Although the exact origin of Chuseok is unclear, it’s origin can be traced back to an ancient religious rite relating to the moon. The full moon that came once a month to brighten the dark night was seen as an aspect of the fall harvest, cause for celebration for an already agrarian society. Regardless of how exactly Chuseok came about, it is clear that much like “Thanksgiving” celebrations in Western countries, in Korea it has become a holiday for spending quality time with family and food.
Songpyeon, a Korean rice cake filled with sesame powder and steamed with pine needles, is arguably the most traditional Chuseok food. Unfortunately, the making of Songpyeon is rather involved, but you can further educate yourself here. Other popular Chuseok foods include rice, soup, fish, meat, fruit (such as apples pears, oranges or persimmons) and greens (bean sprouts and spinach).
This post will a few easy and delicious (and even fairly healthy) recipes for Chuseok-themed food: Sesame Cookies, Squash Jeon, Seasoned Spinach, Korean Meatballs, and Chap-Chae.
Korean Sesame Cookies:
- 3/4 Cup sesame seeds toasted sesame seeds
- 1 cup real butter (no substitutions)
- 3/4 cup brown sugar
- 3/4 cup white sugar
- 2 eggs
- 1 tsp baking soda
- 1 tsp hot water
- 1 tsp vanilla extract
- 2 1/2 to 3 cups flour
Rinse sesame seeds in bowl: drain. In frying pan or wok, toast sesame seeds over medium-high heat, stirring constantly to prevent burning. When seeds are slightly browned and puffed remove from heat and cool. Cream butter with brown and white sugars. Add eggs and beat well. Add baking soda, hot water and vanilla. Mix well. Stir in flour and sesame seeds to make a stiff dough. Cover and refrigerate until dough is firm. Roll heaping teaspoonfuls into ball; place on a baking sheet about 2 inches apart.
Flatten slightly. Bake 325 degrees for 10-12 minutes. Makes about 5 dozen.
Squash Pancake (Hobak Jeon):
*Ingredients (makes about 2 pancakes,7 inch diameter)
Oil:About 2 Tbsp
Unbleached white flour : 1/2 Cup
Large egg: 1
Water: 2/3 Cup
In a bowl, combine flour, egg, salt, and water. Whisk well. Peel the skin off squash and cut into strips about 2 inches by 1/4 inch. Mix batter and squash. Heat 1 Tbsp of oil in a non-stick pan and put in half of the batter mix. Spread well. When the edge of pancake gets white, flip it over (Flip only once). Wait until bottom is cooked about 1 minute.
Seasoned spinach (Shigumchi Namul)
- 200g spinach (about 1 large bunch)
- 1 Tbs chopped spring onions
- 1/2 Tbs minced garlic
- 1/2 tsp salt, or to taste
- 2 tsp sesame seed oil
- 2 tsp toasted sesame seeds
Wash and rinse the spinach well to get rid of any dirt. Bring a large pot of water to a boil with a bit of salt, and then add the spinach leaves for about 2 minutes, just until the greens are wilted but not mushy- you do not want the spinach to start breaking down and dissolving. Drain everything into a colander and rinse with cold water to preserve the bright green color and prevent further cooking. Next, gently squeeze the water out of the spinach with your hands. If your spinach stems are too long, you can chop them into slightly more manageable pieces.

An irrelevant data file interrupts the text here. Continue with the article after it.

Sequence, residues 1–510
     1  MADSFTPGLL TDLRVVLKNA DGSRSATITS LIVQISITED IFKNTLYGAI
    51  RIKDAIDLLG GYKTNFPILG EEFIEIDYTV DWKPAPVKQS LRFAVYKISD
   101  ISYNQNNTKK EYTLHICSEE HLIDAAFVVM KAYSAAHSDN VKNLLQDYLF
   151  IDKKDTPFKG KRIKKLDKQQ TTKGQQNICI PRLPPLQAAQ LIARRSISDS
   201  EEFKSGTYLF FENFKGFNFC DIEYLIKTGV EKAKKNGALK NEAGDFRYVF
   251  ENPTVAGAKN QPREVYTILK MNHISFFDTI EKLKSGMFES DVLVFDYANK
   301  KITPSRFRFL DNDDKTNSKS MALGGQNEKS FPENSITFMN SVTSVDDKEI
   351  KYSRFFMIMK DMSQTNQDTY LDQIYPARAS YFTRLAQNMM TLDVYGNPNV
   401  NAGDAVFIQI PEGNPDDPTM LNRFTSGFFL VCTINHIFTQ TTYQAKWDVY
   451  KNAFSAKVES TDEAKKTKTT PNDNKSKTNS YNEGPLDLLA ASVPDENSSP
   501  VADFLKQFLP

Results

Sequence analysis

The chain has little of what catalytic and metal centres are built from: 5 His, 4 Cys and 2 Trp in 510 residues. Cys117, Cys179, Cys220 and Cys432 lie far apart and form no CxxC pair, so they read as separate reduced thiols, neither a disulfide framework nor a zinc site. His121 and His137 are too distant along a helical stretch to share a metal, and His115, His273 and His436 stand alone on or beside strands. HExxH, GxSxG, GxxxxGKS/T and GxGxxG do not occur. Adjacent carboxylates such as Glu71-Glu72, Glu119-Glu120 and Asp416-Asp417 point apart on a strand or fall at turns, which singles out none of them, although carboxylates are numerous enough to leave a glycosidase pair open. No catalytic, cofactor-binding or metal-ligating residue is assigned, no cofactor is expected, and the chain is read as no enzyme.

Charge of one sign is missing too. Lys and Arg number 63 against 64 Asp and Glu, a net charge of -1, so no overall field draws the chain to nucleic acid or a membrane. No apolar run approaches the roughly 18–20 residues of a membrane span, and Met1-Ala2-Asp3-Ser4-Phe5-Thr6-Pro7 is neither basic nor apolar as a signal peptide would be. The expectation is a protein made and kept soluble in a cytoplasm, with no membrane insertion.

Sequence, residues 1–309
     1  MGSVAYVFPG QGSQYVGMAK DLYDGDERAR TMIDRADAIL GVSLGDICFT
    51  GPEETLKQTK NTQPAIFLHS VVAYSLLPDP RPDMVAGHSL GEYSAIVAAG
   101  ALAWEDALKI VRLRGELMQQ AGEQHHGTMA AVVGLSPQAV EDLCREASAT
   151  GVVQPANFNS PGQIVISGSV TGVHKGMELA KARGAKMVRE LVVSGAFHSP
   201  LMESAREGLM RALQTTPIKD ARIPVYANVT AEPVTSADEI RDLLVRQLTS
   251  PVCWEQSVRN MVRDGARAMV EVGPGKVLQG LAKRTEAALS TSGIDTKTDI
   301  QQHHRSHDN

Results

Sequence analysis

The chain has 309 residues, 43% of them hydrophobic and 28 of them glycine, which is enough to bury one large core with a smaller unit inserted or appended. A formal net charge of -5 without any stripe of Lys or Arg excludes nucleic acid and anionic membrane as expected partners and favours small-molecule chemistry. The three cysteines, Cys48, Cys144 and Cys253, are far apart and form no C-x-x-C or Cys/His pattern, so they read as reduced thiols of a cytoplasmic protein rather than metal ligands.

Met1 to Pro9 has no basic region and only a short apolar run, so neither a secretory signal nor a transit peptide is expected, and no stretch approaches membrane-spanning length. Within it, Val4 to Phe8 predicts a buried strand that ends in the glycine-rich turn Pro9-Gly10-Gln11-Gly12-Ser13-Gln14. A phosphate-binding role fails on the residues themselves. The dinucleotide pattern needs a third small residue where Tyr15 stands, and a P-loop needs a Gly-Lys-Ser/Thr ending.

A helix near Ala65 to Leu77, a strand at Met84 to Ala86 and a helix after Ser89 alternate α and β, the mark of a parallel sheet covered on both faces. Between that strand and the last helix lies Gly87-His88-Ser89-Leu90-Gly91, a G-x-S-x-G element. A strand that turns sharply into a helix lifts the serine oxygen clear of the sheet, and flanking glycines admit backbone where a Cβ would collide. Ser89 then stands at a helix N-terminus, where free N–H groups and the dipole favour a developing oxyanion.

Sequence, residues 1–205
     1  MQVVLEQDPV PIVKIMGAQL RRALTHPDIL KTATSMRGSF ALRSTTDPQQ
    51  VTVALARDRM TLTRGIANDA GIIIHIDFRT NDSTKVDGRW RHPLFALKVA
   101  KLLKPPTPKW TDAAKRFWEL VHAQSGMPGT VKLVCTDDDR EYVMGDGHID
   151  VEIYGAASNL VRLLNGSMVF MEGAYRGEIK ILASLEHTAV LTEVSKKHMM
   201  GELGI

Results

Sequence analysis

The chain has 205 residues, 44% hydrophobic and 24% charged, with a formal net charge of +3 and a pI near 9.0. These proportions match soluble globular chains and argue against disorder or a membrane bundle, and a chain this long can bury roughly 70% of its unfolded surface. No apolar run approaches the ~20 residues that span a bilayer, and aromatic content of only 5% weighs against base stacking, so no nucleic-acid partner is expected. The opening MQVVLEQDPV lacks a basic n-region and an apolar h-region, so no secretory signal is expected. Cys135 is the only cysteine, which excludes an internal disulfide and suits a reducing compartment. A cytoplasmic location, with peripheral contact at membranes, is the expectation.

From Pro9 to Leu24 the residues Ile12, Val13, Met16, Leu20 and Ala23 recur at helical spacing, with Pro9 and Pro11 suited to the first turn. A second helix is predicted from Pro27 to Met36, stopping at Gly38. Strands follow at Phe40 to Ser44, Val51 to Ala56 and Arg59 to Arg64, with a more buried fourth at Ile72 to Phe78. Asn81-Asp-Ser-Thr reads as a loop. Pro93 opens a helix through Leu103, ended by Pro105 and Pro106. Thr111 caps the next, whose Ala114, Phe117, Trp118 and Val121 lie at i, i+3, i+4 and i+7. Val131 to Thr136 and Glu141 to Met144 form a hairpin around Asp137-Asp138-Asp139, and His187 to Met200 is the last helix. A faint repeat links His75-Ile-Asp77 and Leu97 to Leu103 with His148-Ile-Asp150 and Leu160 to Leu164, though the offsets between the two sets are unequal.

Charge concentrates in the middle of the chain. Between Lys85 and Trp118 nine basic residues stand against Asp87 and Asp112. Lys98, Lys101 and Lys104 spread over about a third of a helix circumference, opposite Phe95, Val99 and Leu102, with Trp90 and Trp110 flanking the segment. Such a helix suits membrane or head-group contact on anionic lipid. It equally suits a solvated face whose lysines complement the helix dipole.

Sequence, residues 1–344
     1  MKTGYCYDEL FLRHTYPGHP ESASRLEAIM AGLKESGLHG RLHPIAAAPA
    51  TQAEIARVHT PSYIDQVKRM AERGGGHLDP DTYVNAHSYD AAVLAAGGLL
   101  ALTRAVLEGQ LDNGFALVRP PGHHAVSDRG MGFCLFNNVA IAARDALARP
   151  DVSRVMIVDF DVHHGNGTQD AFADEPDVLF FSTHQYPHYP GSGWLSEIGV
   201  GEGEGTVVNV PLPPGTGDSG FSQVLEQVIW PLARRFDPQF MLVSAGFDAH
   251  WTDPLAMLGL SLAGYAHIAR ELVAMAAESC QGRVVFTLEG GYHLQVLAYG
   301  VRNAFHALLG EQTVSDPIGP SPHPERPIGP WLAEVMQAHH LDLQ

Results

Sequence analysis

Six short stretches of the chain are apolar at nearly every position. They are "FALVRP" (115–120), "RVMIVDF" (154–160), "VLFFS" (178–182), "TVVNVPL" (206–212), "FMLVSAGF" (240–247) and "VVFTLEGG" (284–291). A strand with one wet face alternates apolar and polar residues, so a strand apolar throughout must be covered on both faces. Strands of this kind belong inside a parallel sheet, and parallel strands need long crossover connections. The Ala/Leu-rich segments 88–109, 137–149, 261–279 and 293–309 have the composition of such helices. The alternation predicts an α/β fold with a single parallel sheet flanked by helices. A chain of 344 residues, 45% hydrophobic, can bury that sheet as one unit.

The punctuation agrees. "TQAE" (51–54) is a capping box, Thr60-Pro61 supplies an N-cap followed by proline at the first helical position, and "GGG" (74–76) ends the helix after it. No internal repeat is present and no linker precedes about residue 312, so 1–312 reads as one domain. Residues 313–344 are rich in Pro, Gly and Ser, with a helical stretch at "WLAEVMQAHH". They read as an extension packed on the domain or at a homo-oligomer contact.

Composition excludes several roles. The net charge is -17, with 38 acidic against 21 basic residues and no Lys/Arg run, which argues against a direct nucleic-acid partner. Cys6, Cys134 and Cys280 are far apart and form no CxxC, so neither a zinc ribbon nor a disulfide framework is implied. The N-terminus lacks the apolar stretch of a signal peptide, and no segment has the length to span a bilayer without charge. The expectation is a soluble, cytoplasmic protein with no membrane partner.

Place the spinach in a mixing bowl and add the rest of your ingredients.
Korean Meat Balls (Donggeurang Ttaeng)
A favorite jeon (Korean pancake) for Chuseok is the meatball pancake. Normally, traditional pajeon is served after the ancestor memorial ceremony, the beef meatball version is a great dish.
Ingredients Serves 5-6
300g minced beef
1/3 spring onion
2 cups cheongju (clear rice wine)
1 tbsp minced garlic
1/3 tbsp spoon salt
1/4 tbsp ginger powder
2 eggs (beaten)
1. Marinate beef with cheongju (clear rice wine), then squeeze gently with kitchen towel. Stand for a few minutes.
2. Shred onions, carrots, capsicum, and spring onions.
3. Add minced garlic, salt, pepper, ginger powder, and sesame oil together with the marinated beef and shredded vegetables. Mix with hands and make into small bun shapes.
4. Roll buns in a generous amount of flour, and brush off extra flour to prevent chunks
5. Marinate with beaten eggs.
6. Heat up a pan with oil, and fry for around 1 min on medium heat until the bottom side turns yellow. Flip and repeat 3~4 times until the whole bun is fully cooked. Cut in half to check if meat has turned brown.
7. Serve with soy sauce for dipping, and enjoy!
Vegan Chap- Chae
Chap-Chae isn’t necessarily a Chuseok recipe, but it’s definitely one of my favorite Korean foods, so I thought I’d include an easy variation of the dish here in my list-o-dishes:
- 8 oz Korean vermicelli noodles
- 1 sweet onion, sliced into thin strips
- 2 cloves garlic, finely chopped
- 1/2 lb baby spinach, parboiled
- 2 carrots, Julienned
- 3 scallions, chopped
- 5 mushrooms, sliced 1/2 cup zucchini (or Korean green veggie equivalent), sliced 2 Tbsp olive oil
- 2 Tbsp sesame oil
- 3 Tbsp soy sauce
- 1 tsp sugar
- Salt to taste
- Sesame seeds (optional)
- Cook noodles according to package directions
- In a large pan or wok over medium heat, heat olive oil and 1 Tbsp sesame oil
- Add onion slices and garlic and sauté for about 1 min
- Add rest of vegetables and cook for 4-5 min, until the vegetables are half-cooked and still a bit crispy
- Turn heat to low and add cooked noodles, soy sauce, sugar, and the remaining sesame oil
- Mix to combine and cook for another 2 min
- Add salt or more soy sauce if needed (or if you want it a bit sweeter, add a touch more sugar)
- If using sesame seeds, add them at finish
Enjoy some quality time with loved ones and home-made food this Sunday.